Column: Future of retirement planning belongs to the cyborgs

CHICAGO (Reuters) - Who will help you plan for retirement - a robot or a cyborg?

Retirees play poker at a singles club in Sun City, Arizona, January 4, 2013. REUTERS/Lucy Nicholson

Pundits have been saying for some time now that the future belongs to “robo-adviser” - automated portfolio services that use algorithms to manage investments. The robo-services have attracted interest as a way to deploy low-cost advice, but retirement planning guru Michael Kitces thinks the real winners will be “cyborgs” - human advisers aided by advanced technology.

Resistance may be futile, as the Borg collective warned the crew of the Enterprise on "Star Trek." Advisers will have little choice but to integrate robo-like technology into their practices, according to Kitces, director of wealth management for Pinnacle Advisory Group and publisher of the widely followed Nerd's Eye View blog (

In a provocative presentation at last week’s Morningstar Investment Conference here, he argued that technology actually will free up advisers to focus on providing more holistic advice to clients and reinforce their value at a time when so much basic planning information is available for free on the internet.

Meanwhile, the new fiduciary standard requiring conflict-free advice on retirement accounts is pushing the planning field toward providing broader services that go well beyond portfolio management.

Market returns are uncertain, but planners can help boost retirement outcomes by helping clients control the factors that are within their control. A 2013 paper by Morningstar researchers found that retirees can generate 23 percent more income by making more intelligent financial planning decisions of the type typically offered by planners, including optimizing asset allocation, fine-tuning their retirement withdrawal strategies and making tax-efficient drawdown decisions.

Kitces thinks the most important strategy for advisers will be to use technology to help clients navigate uncertainty, explore alternatives and help solve complex problems.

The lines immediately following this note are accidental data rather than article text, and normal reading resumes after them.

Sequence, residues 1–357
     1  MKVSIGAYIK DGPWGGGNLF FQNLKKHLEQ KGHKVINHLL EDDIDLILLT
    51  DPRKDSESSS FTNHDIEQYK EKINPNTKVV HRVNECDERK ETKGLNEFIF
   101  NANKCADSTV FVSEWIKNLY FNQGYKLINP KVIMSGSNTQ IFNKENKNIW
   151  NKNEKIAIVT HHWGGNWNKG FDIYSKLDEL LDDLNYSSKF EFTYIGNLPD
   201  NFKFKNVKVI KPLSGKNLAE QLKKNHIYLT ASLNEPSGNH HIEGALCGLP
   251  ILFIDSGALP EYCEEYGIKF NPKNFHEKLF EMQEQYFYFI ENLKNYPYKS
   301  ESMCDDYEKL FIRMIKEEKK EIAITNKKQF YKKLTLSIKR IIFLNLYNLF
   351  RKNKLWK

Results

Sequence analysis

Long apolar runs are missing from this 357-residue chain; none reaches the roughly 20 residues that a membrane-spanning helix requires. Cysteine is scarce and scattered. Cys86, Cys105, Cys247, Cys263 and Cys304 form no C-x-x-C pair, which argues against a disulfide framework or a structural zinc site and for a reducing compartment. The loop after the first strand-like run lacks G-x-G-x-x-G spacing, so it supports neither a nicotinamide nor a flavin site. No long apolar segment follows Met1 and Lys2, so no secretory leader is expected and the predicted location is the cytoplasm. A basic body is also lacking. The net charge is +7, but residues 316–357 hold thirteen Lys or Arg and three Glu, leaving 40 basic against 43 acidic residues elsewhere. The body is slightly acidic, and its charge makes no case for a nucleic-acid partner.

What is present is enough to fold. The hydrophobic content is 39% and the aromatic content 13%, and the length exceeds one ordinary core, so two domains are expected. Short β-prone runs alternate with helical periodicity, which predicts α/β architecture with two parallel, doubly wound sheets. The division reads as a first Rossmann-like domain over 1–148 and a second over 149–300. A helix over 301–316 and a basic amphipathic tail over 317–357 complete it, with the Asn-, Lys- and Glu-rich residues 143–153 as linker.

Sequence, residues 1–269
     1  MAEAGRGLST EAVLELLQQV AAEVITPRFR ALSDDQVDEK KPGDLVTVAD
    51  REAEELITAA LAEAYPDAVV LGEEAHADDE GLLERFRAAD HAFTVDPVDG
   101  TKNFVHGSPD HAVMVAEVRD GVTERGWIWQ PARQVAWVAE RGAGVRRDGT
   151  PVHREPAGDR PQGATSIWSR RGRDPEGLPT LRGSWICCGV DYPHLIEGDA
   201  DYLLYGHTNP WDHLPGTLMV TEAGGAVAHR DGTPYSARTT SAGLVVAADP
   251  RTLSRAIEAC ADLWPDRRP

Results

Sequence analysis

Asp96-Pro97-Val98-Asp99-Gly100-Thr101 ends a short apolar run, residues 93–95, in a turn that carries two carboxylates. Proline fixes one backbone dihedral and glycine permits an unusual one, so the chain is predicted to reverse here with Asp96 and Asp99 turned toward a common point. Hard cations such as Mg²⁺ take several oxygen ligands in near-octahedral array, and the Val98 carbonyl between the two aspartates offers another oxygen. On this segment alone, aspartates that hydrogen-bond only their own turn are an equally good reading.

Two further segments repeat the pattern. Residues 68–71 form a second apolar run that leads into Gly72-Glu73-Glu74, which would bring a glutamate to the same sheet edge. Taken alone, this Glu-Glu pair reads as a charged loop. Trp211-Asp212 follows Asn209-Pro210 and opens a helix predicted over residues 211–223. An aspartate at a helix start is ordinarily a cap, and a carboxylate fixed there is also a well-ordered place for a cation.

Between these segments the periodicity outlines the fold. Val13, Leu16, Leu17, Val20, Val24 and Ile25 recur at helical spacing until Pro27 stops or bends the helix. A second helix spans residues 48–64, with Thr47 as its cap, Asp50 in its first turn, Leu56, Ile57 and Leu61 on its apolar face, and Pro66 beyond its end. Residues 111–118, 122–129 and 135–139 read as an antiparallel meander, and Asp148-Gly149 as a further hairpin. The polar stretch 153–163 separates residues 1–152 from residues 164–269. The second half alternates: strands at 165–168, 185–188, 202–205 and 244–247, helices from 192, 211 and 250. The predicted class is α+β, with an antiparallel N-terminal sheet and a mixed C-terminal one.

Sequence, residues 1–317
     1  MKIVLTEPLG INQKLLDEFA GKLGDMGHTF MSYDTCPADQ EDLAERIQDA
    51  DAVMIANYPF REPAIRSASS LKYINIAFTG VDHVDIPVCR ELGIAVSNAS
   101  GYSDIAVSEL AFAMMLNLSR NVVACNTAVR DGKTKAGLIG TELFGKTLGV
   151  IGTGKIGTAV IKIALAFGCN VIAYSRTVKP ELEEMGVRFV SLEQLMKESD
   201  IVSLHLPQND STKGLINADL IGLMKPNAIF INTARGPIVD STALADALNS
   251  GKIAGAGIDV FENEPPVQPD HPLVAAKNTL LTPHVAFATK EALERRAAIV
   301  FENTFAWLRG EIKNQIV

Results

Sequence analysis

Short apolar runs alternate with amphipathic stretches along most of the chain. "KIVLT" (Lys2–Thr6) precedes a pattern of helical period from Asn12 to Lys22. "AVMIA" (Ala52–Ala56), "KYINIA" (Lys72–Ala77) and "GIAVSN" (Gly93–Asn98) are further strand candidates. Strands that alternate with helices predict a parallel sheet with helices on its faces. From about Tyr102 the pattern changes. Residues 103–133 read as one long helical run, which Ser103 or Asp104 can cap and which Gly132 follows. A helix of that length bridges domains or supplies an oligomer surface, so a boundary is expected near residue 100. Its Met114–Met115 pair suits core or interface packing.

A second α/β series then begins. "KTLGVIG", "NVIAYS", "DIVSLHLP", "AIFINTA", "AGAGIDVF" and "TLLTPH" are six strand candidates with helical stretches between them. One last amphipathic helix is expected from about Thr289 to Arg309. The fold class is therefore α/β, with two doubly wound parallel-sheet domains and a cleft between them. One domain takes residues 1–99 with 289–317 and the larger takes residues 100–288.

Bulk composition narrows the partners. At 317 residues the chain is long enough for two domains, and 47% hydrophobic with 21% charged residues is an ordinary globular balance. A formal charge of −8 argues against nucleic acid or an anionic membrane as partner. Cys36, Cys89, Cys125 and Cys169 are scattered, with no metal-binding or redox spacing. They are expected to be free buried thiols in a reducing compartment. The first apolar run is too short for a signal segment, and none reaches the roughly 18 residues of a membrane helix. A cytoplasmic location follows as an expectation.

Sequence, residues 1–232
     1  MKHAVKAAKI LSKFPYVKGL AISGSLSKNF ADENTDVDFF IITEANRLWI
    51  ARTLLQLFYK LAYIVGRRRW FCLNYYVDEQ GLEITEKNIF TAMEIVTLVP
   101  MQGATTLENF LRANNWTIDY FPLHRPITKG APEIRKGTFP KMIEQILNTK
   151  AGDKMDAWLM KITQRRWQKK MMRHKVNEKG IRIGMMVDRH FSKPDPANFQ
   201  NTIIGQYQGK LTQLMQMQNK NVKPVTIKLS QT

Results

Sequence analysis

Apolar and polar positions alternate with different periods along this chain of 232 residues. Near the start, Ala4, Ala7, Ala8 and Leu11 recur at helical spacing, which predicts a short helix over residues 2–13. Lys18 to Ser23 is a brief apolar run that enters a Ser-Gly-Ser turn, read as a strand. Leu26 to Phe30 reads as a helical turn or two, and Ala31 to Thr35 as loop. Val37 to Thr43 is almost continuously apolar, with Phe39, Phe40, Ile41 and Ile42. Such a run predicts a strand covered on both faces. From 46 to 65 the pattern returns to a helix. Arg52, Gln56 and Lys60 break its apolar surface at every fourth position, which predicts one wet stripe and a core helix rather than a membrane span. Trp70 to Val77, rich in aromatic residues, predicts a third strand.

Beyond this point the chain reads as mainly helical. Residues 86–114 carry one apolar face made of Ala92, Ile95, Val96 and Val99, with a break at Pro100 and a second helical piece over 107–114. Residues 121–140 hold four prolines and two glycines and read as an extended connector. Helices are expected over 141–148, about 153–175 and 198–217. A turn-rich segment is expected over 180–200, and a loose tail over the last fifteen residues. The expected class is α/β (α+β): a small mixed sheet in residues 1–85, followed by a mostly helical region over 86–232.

The landscape of technology-enabled advice is becoming concentrated in the “cyborg” category, he notes, with players like Betterment, FutureAdvisor and JemStep all adding human advice components to their tech offerings.

“The cyborg category is winning, not robo,” he said.

The big value-add, Kitces said, will be helping clients think through more complex questions. “We can be navigators of uncertainty and explorers of alternatives - what happens to my plan if I retire sooner? What if I want to work in retirement, or find a new career? Technology doesn’t do that, but it can facilitate the conversation if I can use technology to paint the picture for clients.”


The dominant player in the hybrid cyborg category is mutual fund colossus Vanguard, which launched its Personal Advisor Services (PAS) two years ago this week; at the end of the first quarter this year, PAS had attracted $65 billion in assets. Research firm Cerulli Associates reports that 2016 year-end assets under management at PAS were roughly four times larger than its nearest competitor, Schwab Intelligent Portfolios ($13 billion) and far ahead of Betterment ($6.1 billion), Wealthfront ($4.7 billion) and Personal Capital ($4.3 billion).

PAS benefits from Vanguard’s massive scale - at its launch, $15 billion was transferred from a legacy advisory service for high net-worth clients, and 85 percent of clients already were Vanguard customers before adding PAS. Most are closing in on retirement age, said Frank Kolimago, who heads the service.

“Many of them were comfortable self-directing their investments while they were accumulating assets, but concluded that with the complexities of retirement it’s time to get some professional help,” he said.

PAS advises retirees on tax-efficient drawdown and decumulation strategies. Advisers also help with Social Security optimization, estate planning and nonretirement goals such as college saving, or perhaps saving for a vacation home.

One of the most profound changes, Kolimago said, is the shift away from the old brokerage orientation of beating the market investing to meeting objectives. “We frame the conversation that way - how well are you doing related to your own unique objectives?”

He adds that the human dimension plays an important role in volatile markets. “We can serve as an emotional circuit-breaker, and help people from making short-term decisions that can hurt them in the long run.”

Opponents of the fiduciary standard keep looking for ways to bring it down - an effort that is likely to fail. Meanwhile, the cyborgs (and robos) already are far down the track toward a fiduciary reality. PAS is a registered investment advisory firm that already complies with the conflict-free standard. “It’s straightforward for us,” said Kolimago. “Many things that the rule requires are already built into what we have designed.”

The opinions expressed here are those of the author, a columnist for Reuters.

Editing by Matthew Lewis